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China still lagging far behind the rest of the world in internet technology

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July 17, 2012

China is still lagging far behind the rest of the world when it comes to internet technology, even if it does have the full backing of its government, according to the latest numbers from local content delivery agency ChinaCache.

The report reveals that the average connection speeds for each of the country’s provinces, including Shanghai and Beijing, are too slow when compared to most other Asian countries and Europe. As many businesses and home workers in the region will already attest to, despite China’s very ambitious plans to build rapid fibre optic networks, internet connection speeds are still frustratingly low.

Unsurprisingly, Shanghai and Beijing come top with average connection speeds of around 4.0 MBPS and 3.6 MBPS respectively. After this, average speeds drop-off a cliff. The Anhui province comes next with an average speed of less than 3 MBPS.

The bottom three regions, Shanxi, Guangxi and Xinjiang, which between them have a population of over 100 million people, all fail to top 1.5 MBPS, displaying the immense digital divide which still exists in China between the major cities and far-flung provinces.

Overall, content delivery firm Akamai’s most recent State of the Internet report for the first quarter of last year claimed that just 20 percent of the county has speeds of over 2 MBPS, placing it just 78th globally.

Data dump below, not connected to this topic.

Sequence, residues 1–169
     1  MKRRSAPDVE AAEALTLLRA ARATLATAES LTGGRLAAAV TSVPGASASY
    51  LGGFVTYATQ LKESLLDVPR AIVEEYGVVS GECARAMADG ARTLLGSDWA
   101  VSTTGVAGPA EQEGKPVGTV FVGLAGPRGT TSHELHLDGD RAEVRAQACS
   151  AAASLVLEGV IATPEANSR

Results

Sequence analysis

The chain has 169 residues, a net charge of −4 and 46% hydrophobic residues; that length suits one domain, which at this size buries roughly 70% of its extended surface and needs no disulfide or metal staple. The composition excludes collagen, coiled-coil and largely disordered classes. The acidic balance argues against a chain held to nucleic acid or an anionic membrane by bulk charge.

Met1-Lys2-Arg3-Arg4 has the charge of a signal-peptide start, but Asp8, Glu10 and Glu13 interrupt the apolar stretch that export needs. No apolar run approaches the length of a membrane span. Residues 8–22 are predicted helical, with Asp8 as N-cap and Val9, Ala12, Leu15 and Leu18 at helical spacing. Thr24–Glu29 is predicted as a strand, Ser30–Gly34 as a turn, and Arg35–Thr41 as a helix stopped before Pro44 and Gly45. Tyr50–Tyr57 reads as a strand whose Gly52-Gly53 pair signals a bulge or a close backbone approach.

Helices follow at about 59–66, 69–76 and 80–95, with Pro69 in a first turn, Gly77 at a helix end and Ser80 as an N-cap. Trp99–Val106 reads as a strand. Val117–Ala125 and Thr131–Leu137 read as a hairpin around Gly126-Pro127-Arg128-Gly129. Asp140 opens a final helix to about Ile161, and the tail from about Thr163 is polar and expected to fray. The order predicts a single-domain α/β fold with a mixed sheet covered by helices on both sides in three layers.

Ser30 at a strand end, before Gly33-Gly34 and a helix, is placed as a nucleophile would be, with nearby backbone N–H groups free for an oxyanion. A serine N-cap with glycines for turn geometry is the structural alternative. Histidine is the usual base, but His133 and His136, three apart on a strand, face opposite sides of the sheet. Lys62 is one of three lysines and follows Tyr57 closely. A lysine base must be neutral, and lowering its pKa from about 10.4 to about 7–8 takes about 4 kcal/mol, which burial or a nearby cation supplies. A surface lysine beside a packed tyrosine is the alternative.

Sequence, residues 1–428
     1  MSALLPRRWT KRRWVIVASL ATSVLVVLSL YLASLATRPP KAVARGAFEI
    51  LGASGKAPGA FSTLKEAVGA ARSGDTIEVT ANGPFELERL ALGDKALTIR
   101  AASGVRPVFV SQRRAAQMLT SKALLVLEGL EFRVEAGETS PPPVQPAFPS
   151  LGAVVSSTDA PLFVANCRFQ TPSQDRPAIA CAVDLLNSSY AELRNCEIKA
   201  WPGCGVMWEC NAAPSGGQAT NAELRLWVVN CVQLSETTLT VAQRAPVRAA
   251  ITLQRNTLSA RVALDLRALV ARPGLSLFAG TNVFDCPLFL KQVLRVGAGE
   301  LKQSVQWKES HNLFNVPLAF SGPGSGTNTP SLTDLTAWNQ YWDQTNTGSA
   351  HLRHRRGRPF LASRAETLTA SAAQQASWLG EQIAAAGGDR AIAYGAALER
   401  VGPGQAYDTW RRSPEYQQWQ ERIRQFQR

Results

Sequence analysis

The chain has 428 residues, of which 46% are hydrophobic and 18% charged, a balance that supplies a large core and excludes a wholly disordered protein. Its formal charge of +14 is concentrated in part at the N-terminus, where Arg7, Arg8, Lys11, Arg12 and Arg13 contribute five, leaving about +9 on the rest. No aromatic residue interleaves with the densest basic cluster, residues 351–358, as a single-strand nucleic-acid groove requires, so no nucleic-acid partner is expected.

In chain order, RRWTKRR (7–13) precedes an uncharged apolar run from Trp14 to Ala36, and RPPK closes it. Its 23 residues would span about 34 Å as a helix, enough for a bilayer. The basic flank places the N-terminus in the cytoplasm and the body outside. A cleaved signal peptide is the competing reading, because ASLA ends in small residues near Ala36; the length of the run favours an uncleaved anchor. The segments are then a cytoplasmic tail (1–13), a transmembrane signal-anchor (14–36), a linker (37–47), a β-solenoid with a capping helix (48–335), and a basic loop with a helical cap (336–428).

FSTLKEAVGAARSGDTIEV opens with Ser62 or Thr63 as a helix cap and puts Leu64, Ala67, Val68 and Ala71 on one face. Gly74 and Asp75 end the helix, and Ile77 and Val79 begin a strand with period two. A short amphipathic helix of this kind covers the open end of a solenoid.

By comparison, it said that the United Kingdom has 91 percent of households above this basic minimum and ranked 12th. What can make matters worse for internet users in China is the additional delays, time-outs and general daily disruptions caused by the Great Firewall, or any censorship-bypassing VPN technology where they’ve been forced to install to visit specific banned sites.

The Chinese government did acknowledge the vital importance to the country's economy if it does have a strong internet infrastructure, and has pledged about 75 percent of a $340 billion infrastructure investment to broadband development, slated for 2013 and 2014.

It also added that by 2015, fixed broadband connections will exceed 370 million, adding the following in a recent human rights action plan: "Internet connection speeds for urban households will reach 20 MBPS, and for rural households, 4 MBPS. Fibre optic internet connections will cover about 200 million households. Additionally, China will build wireless broadband cities, and gradually spread internet connections and usage throughout rural areas.

Historically speaking, China’s vast and unforgiving terrain has kept broadband prices high and limited the expansion of internet infrastructure, but users hope that the situation will change going forward.

In the meantime, the best option for many companies, especially those with a strong B2C presence in China, will be to invest in a good content delivery service.

In other IT news

According to Verisign, the overall number of newly registered domain names on the web increased by over 7.5 million to stand at 233.1 million in the first quarter of 2012. Verisign also found that the internet address universe grew by about 11 percent year-on-year and 3.3 percent sequentially in the first quarter.